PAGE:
People >> Prof. Thorsten Reusch
Evolutionary Ecology in a changing world
The focus of my research is the ecology of evolution. Any ecological interaction is also a selection pressure. Consequently, if there is heritable variation, evolutionary change will take place. There is now ample evidence that the separation between ecological and evolutionary scale is misleading. Both time scales are commensurate and should be answered within a common framework.
Given the predicted environmental changes in the next decades, one focus area of our group will be the evolutionary response of populations to global change. Towards this end, both heritable variation within populations, and the distribution of genetic variation across latitudinal gradients needs to be quantified. Such an approach will benefit from an expansion of the evolutionary ecology toolbox. For example, transcription profiling, genome scans and QTL mapping all aim at defining the genetic basis for ecologically important traits. Once selectively relevant polymorphism is identified, predictions on the evolutionary potential of populations become possible.
Rapid adaptation in the face of global change - Contemporary climate change is characterized both by increasing mean temperature and increasing climate variability such as heat waves, storms and floods. How populations and communities cope with such climatic extremes is a question central to contemporary ecology and biodiversity conservation. Our previous work with marine macrophytes (eelgrass, Zostera marina) has shown that genotypic diversity can replace the role of species diversity in a species-poor coastal ecosystem, and may buffer against extreme climatic events (PNAS vol. 102, pp. 2826-2831). Net biodiversity effects were explained by genotypic complementarity rather than selection of particularly robust genotypes.
At present we lack a synthetic understanding when, how and why rapid adaptive evolution takes place in one system but not another. As a first step, in order to gain an overview, our lab is assembling a data base on rates of contemporary evolution across as many diverse systems, selection pressures and traits as possible. Interestingly, fish species including salmonids and sticklebacks, provide many excellent examples for rapid adaptive in the face of invasions, exploitation, or global change. Whether this is due to some particular genetic /genomic feature of bony fishes, for example their whole genome duplication, or due to observer bias is unknown.
Advancing the toolbox: application of genomics and transcriptomics in non-model organisms - In collaboration with the Max-Planck Institute of Molecular Genetics in Berlin (group Richard Reinhard), and we are currently developing genomic resources for ecologically important species such as the marine angiosperm Zostera marina and three-spined sticklebacks.
In three-spined sticklebacks (Gasterosteus aculeatus), the genome and high-density linkage maps are already available (stickleback genome), while high-quality EST data are yet to be developed. One goal is to produce an exhaustive microarray that contains all immunologically relevant genes in order to assess gene expression as a function of habitat type, infection status, and reproductive traits (collaboration with Prof. Manfred Milinski, Max-Planck-Institute for Evolutionary Biology Plön). Genome sacns that aim at detecting positive selection are underway for immunologically relevant genes of the innate response (Msc project of Anja Westram).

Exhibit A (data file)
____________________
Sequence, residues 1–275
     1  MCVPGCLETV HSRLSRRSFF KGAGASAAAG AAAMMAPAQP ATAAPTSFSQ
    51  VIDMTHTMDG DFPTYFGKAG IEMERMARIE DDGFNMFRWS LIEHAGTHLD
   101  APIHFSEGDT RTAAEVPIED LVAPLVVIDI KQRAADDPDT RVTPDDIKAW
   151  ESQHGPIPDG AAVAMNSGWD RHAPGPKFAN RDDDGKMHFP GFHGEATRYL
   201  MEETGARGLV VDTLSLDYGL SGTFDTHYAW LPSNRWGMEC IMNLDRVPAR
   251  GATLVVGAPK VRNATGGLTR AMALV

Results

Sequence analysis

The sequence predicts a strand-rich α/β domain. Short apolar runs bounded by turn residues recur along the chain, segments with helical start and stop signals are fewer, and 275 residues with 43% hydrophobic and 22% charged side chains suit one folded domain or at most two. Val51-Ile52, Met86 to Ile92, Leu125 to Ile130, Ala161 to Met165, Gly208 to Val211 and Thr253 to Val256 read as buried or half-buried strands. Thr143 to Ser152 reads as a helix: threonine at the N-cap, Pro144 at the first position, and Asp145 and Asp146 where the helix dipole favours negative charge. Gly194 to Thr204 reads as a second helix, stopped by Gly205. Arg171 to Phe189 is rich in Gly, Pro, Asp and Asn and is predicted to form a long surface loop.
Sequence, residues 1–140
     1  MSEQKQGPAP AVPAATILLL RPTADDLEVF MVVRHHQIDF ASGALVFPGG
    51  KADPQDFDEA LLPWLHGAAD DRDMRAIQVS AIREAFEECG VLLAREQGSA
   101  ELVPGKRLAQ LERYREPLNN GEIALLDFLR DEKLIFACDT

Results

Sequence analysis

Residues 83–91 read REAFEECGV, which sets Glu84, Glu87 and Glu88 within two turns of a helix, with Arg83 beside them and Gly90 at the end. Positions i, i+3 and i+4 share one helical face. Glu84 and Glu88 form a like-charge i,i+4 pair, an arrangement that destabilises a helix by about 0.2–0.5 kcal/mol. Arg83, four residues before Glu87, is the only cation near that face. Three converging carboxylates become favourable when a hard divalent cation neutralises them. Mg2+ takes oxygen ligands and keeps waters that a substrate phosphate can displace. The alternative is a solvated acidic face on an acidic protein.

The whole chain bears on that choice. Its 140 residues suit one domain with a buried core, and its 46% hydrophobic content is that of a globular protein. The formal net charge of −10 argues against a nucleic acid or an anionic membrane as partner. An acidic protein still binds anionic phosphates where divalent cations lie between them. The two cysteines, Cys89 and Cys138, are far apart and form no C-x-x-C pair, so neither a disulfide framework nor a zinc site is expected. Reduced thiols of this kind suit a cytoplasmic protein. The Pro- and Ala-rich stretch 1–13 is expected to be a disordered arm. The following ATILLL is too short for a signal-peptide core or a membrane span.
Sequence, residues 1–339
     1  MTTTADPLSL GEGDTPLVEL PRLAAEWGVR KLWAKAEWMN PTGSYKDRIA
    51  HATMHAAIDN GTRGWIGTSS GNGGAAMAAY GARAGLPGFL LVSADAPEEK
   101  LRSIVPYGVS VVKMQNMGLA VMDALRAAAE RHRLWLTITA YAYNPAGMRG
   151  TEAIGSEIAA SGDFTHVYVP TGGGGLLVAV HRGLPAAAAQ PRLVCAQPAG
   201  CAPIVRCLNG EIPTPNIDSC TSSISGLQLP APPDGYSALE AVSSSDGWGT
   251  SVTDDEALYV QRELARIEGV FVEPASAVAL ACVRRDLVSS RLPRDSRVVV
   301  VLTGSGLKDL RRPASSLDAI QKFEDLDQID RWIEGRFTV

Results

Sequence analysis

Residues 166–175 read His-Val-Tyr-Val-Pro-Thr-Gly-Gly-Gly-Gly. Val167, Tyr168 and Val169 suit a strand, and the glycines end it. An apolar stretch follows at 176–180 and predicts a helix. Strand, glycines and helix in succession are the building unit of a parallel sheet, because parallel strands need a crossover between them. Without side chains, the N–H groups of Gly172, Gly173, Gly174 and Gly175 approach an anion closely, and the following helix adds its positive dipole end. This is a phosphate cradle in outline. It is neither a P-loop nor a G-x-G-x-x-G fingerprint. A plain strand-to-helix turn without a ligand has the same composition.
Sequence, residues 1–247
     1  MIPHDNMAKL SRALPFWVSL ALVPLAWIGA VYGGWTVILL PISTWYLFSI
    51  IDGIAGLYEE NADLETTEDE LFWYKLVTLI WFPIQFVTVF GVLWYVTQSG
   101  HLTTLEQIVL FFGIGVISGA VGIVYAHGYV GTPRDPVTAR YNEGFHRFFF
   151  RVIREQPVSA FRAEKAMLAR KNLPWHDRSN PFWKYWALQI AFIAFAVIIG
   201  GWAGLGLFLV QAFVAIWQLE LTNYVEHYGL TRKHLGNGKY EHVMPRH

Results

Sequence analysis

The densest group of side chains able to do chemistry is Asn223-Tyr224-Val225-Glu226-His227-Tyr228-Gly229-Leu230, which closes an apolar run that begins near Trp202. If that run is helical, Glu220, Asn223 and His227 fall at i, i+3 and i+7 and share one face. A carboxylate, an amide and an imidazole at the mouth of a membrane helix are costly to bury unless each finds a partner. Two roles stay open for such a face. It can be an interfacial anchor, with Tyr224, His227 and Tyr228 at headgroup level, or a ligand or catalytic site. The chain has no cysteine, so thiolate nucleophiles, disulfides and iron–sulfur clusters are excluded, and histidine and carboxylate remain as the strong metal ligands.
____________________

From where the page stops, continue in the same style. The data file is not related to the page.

In the marine flowering plant eelgrass (Zostera marina) we are not yet so far. Our goal is to make this ecosystem engineering species a marine plant model in ecological genomics. Towards this end, expressed sequence tag libraries are currently being annotated and compared among different environmental conditions, in collaboration with the Evolutionary Bioinformatics group (Erich Bornberg-Bauer, Amelie Veron, Januar Weiner, Lothar Wissler: Evolutionary Bioinformatics, see Zostera databasee). The development of expression systems using quantitative PCR of selected stress genes is in progress. Based on these EST resources, we are also developing EST-linked microsatellite markers and SNP typing systems (together with the MARBEE group, University of Groningen (Profs. Jeanine Olsen, Wytze Stam,) for genome scan approaches towards identifying signals of divergent selection among contrasting habitats (PhD projects of Katharina Oetjen and of Steven Ferber). This project is funded by DFG (RE 1108/7).
Selected PublicationsWegner KM, Kalbe M, Reusch TBH (2007) Innate versus adaptive immunity in sticklebacks: evidence for trade-offs from a selection experiment. Evolutionary Ecology, 21, 473-483.
Reusch TBH, Wood TE (2007) Molecular Ecology of global change. Molecular Ecology, 16, 3973-3992.
Reusch TBH (2006) Does disturbance enhance genotypic diversity in clonal organisms? - a field test in the marine angiosperm Zostera marina. Molecular Ecology, 15, 277-286.
Rauch G, Kalbe M, Reusch TBH (2006) One day is enough: rapid and specific host-parasite interactions in a stickleback-trematode system. Biology Letters, 2, 382-384.
Reusch TBH, Langefors ┼ (2005) Inter- and intralocus recombination drive MHC class IIB gene diversification in a teleost, the three-spined stickleback Gasterosteus aculeatus. Journal of Molecular Evolution, 61, 531-541.
Reusch TBH, Ehlers A, Hämmerli A, Worm B (2005) Ecosystem recovery after climatic extremes enhanced by genotypic diversity. Proceedings of the National Academy of Sciences USA, 102, 2826-2831.
Reusch TBH, Häberli MA, Aeschlimann PB, Milinski M (2001) Female sticklebacks count alleles in a strategy of sexual selection explaining MHC polymorphism. Nature, 414, 300-302.
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